Indonesia's 10-year government bond yields are currently around 6.89 percent, or the highest among Asian nations. On the one hand, this makes Indonesian bonds attractive to investors but on the other hand it becomes more costly for the government. How come Indonesian bond yields remain high?
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Today's Headlines Government Bonds
The Finance Ministry of Indonesia is conducting a rupiah-denominated Government Debt Securities (SUN) auction on Tuesday (27/09). The auction opened at 10:00 am local Jakarta time and will close at 12:00 pm. The indicative target of the government is set at IDR 12 trillion (approx. USD $923 million), while the maximum target is set at IDR 18 trillion (approx. USD $1.4 billion). Proceeds are used to finance the Revised 2016 State Budget.
The government of Indonesia has expressed its concern about rising foreign debt. Indonesian President Joko Widodo summoned Chief Economics Minister Darmin Nasution for a meeting to express his concern about the issue. In particular the high degree of foreign ownership of Indonesian securities needs attention as foreign ownership of government bonds has reached a new record high. Therefore, analysts say Indonesia needs to optimize government revenue (for example by reforming the nation's tax system) rather than depend on loans and bonds.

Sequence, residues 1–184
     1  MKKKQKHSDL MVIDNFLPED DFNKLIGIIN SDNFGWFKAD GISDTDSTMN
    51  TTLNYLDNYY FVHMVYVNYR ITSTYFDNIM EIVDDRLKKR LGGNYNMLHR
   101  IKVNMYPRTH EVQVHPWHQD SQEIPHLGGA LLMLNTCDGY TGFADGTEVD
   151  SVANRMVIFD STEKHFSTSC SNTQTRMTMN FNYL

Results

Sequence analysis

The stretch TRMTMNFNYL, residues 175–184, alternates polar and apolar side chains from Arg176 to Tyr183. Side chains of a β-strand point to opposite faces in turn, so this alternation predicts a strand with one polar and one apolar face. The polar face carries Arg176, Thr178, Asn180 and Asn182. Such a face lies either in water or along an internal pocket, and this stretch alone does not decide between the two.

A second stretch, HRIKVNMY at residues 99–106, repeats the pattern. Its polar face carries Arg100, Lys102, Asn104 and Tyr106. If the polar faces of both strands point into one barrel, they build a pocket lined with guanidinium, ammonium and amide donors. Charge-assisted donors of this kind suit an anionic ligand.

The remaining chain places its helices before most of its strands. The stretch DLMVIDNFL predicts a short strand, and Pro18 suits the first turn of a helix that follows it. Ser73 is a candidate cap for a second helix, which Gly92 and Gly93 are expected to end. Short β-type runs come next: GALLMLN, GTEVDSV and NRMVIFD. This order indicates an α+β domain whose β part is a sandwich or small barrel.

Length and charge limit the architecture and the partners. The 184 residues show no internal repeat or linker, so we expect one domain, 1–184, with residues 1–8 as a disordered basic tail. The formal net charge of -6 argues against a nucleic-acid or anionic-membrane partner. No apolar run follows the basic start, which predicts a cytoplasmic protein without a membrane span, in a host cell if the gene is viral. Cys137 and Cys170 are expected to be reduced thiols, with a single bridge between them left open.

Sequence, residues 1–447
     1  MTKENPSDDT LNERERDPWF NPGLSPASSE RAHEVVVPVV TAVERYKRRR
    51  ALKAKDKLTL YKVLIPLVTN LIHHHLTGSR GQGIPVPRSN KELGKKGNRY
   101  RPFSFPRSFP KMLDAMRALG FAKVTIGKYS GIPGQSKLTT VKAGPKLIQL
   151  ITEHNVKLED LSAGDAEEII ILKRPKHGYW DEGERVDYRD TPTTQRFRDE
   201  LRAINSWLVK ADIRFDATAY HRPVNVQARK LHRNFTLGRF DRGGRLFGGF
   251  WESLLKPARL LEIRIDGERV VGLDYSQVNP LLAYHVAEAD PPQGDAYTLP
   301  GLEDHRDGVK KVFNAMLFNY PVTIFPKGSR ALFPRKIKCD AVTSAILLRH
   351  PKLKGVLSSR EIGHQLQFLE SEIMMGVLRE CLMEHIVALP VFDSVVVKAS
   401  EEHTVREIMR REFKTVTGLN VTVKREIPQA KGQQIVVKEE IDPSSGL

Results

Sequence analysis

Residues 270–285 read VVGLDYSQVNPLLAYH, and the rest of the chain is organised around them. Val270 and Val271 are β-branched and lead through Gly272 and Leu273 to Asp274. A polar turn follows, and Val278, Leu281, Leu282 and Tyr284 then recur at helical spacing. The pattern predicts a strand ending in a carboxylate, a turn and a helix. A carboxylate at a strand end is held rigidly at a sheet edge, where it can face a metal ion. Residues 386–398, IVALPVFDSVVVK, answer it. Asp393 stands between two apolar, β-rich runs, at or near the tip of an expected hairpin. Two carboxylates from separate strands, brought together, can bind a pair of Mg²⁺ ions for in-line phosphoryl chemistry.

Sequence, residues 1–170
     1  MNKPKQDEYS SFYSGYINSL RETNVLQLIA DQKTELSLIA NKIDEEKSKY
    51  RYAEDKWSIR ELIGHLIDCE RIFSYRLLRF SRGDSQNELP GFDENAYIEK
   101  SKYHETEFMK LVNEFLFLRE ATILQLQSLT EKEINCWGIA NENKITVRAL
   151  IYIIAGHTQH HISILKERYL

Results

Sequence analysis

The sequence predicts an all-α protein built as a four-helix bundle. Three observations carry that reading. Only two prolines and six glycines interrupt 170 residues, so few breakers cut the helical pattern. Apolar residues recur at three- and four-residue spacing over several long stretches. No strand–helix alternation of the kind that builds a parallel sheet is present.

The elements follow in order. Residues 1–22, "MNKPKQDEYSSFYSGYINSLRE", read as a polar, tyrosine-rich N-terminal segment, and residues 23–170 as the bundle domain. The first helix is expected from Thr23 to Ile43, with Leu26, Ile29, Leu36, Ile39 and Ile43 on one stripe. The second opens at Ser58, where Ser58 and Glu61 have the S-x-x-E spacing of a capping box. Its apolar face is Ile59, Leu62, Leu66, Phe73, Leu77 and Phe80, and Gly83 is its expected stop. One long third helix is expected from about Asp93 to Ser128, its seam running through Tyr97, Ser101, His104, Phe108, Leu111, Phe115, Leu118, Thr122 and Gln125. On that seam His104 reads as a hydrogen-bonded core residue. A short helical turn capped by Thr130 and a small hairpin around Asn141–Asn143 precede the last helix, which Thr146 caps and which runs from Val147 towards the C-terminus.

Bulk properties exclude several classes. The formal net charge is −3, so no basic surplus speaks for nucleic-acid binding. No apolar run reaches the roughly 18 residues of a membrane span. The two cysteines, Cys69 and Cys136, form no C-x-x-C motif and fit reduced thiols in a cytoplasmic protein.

Although a huge amount of debt paper will mature in 2016, there is few concern that the Indonesian government and the nation's private companies will fail to meet their debt obligations. Per 17 February, total outstanding debt paper that is to mature in 2016 stands at IDR 320.9 trillion (approx. USD $23.8 billion), consisting of IDR 268.1 trillion (approx. USD $19.9 billion) of government bonds (Surat Utang Negara or SUN) and IDR 52.8 trillion (approx. USD $3.9 billion) of private sector corporate bonds. Why are there no major concerns about Indonesia's debt situation in 2016?
The Indonesian government will engage in front loading, issuing 61 percent of next year's total planned state bonds - worth IDR 532.4 trillion (approx. USD $38.6 billion) - in the first half of 2016. Proceeds are used to finance the 2016 State Budget. Earlier, on 2 December 2015, the government had already sold USD $3.5 billion worth of bonds to cover a shortfall in the 2016 State Budget, deliberately ahead of the possible US interest rate hike in mid-December (as this move is expected to reduce investor appetite for emerging market assets).
In order to tackle an estimated shortfall of more than IDR 260 trillion (approx. USD $17.5 billion) in the 2015 State Budget, the Indonesian government starts selling government bonds to Indonesian retail investors today (21/09). In the original 2015 State Budget the government projected a deficit of 1.9 percent of the country’s gross domestic product (GDP). Recently, this figure was raised to 2.23 percent of GDP due to disappointing tax revenue amid weak economic growth.
Foreign debt of Indonesia totaled USD $264 billion per December 2013. Based on data from Statistics Indonesia, 46.8 percent of this total debt was accounted for by the public sector, while the remaining 53.2 percent was private sector debt. On a year-on-year (yoy) basis, growth of Indonesia’s total debt slowed to 4.06 percent in the last month of 2013. One year earlier this growth was significantly higher at 12.0 percent. Indonesia’s level of foreign debt is still safe at 30.2 percent of GDP in the fourth quarter of 2013.
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